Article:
Troubled Landscapes

“…maybe, and only with intense commitment and collaborative work and play with other terrans, flourishing for rich multi species assemblages that include people will be possible. I’m calling this the Chthuluscene – past, present and to come.”
Donna Haraway, Staying with the Trouble, 2016.

The anthropocenic effects on the environment are the backdrop for this larger body of works in progress, some even express the post-apocalyptic, but just as Haraway I oppose the concept of the Anthropocene and would like to envision a different model where we take an active role in “staying with the trouble” – realizing the situation we’re in and making the best of it in collaboration with the other-than-human world. The quote by Haraway was very much the starting point for this larger body of works I call Troubled Landscapes, re-configuring relationships and using collaborative play. Though also the “other-than-human” or “more-than-human” concepts can be conflictive, as aren’t humans also nature? as the anthropologist Tobias Rees points out. As an artist I don’t intend to define concepts, but allow my practice to be inspired by all these different thought patterns and concepts. They influence the work often happening in relation to other animals. I have a curiosity for these other than human beings and I am impressed by their “embodiedness” – or then, they might also inspire to speculate new future species altogether.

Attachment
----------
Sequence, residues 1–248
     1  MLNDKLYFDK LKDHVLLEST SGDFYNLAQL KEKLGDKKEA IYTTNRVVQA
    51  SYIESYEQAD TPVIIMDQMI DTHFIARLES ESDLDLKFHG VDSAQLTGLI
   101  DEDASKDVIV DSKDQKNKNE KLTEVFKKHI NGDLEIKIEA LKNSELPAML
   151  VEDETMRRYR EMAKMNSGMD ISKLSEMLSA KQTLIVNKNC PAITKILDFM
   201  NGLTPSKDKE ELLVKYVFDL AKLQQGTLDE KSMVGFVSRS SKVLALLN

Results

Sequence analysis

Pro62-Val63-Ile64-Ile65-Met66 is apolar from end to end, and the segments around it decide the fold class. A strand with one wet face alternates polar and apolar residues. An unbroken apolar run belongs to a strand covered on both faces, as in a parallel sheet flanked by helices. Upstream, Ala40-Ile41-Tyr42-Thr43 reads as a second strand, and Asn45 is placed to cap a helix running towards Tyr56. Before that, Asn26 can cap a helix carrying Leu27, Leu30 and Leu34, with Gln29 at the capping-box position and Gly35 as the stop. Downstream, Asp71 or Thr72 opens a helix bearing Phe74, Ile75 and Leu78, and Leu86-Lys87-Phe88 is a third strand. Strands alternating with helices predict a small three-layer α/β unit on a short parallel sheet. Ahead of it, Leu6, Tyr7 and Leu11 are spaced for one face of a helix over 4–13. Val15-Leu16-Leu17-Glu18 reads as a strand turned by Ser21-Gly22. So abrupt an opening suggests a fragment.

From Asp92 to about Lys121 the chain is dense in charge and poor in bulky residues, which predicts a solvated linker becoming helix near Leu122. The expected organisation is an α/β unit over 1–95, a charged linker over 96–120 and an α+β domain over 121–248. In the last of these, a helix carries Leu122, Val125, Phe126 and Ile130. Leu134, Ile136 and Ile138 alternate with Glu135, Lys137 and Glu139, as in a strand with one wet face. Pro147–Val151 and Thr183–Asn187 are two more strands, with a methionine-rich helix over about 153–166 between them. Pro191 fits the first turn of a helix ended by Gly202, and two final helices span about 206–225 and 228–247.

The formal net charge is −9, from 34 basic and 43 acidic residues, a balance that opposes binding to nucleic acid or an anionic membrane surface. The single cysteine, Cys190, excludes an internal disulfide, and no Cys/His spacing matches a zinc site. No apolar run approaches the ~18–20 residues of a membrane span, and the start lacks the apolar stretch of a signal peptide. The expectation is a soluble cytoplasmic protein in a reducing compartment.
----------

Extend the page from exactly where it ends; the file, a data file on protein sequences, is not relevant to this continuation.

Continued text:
One series of works, The Forest, is made directly immersed in nature, in a Finnish context, while another, The Beach, is based on a number of investigations during some months spent in Saint Louis, Senegal – a completely different context, where the city is alarmingly close to the rising sea level, thus the results contemplate this extreme near future. As Jane Bennett mentions in her essay Odradek, “to live in the age of the Anthropocene is to live with the thought of extinction”.

Both series are exploring a tactile epistemology, a knowledge based in the body: in the gut, in the heart, in the hands. Thus different embodied and haptic methodologies are used – such as analogue film and photography, photo collages, voicing and self made wooden instruments. In different combinations, these methods unfold together with the digital, as we need to make use of what is already there. The idea of re-visiting and recycling is reflected throughout the works.